The threat of further ATC strikes in West Africa and Madagascar hasn’t completely gone away. The air traffic controllers union USYCAA have published an update claiming that ASECNA (the ATC agency) haven’t been sticking to the terms of an agreement reached on Oct 17 – they have been forcibly returning controllers to their countries of origin, cutting salaries, and freezing leave. There’s another meeting planned for Nov 7, so we should know more then.
USYCAA has cancelled any further strike action, following a meeting with ASECNA on Oct 17.
It looks like ASECNA have agreed to some demands (suspend pay cuts, provide indemnity insurance, set up a committee to talk with the union) but some still need to be resolved – mainly to restore all sanctioned controllers to their positions.
USYCAA has accused ASECNA of intimidating behaviour towards controllers ahead of a planned meeting on Oct 17 for negotiations to avert any further strike action. They cite “freezing without explanation of annual leave, verbal invectives, the unwritten suspensions of several air traffic controllers” among their claims.
USYCAA has suspended all strike action to allow for further negotiation with ASECNA planned for Oct 17.
ASECNA have also released a statement, which essentially claims there were no safety incidents during the strike, but doesn’t really say much more. You can read it from the source here (in French) or this translated copy.
As of 1200Z today, the ASECNA ATC strike action itself has ended. Per the controllers union, ops normal now. Arrested controllers have been freed, suspended controllers reinstated. However, caution should still be taken by crews as their grievances remains unresolved – both sides are now entering further negotiations for 10 days.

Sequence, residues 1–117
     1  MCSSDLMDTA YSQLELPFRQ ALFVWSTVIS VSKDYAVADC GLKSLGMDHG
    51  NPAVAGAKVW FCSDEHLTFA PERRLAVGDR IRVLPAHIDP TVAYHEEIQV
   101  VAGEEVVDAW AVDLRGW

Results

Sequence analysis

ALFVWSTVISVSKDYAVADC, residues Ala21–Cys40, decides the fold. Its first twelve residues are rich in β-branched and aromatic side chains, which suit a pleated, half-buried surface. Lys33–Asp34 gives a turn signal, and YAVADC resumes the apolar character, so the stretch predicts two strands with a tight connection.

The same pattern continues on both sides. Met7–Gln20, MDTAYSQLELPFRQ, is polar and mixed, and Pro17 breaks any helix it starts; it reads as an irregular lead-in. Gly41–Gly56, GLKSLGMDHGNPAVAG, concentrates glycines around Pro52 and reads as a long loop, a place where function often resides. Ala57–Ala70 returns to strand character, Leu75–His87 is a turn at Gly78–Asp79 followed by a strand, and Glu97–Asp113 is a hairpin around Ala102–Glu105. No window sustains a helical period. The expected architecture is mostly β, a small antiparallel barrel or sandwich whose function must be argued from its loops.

With so many FIR’s, ACC’s, and Terminal areas involved, the strike action has caused chaos in parts of African airspace. The heavy handed response by ASECNA, which included arresting striking controllers, has created a very sour atmosphere for ATC. This creates potential for lapses in judgement and safety concerns, even with the strike action over.
The major concern yesterday was the replacement of licensed controllers with military and other non-qualified staff, without any Notam or notification. Coordination between different units was unreliable, and many ATC centres were confused as to what the situation was.
For now, ops normal to some degree again – but all crews should still take great care until things settle down.
A very dangerous situation is developing today in the African ATC strike. Crews and operators should be aware that in a number of FIRs/ACCs/Towers, the normal controllers have been replaced earlier today with unqualified and unrated people. In simple terms, the voice on the radio is NOT an Air Traffic Controller.
From local sources we understand that GOOO/Dakar Oceanic and domestic, DXXX/Lomé, and FKKD/Douala all have unlicensed staff that have taken over the faciltiies. In FCBB/Brazzaville and FMCX/FMCH/Comoros, controllers have been arrested. In Niger and Madagascar, controllers have been suspended.
The situation is chaotic in many places and still developing. As of now, OPSGROUP recommends avoiding ALL ASECNA airspace unless you have certainty that the ATC service is licensed and safe, and until the situation is more clear.
If you do have to operate through these FIR’s, be careful and cautious. ASECNA controls these areas: FMMM/Antananarivo, FCCC/Brazzaville, GOOO/Dakar Oceanic and Terrestrial, DRRR/Niamey, FTTT/N’Djamena, and the airspace of Togo and Benin.
IFALPA have just published a bulletin about the situation.
And an update from USYCAA, the ASECNA Controllers union: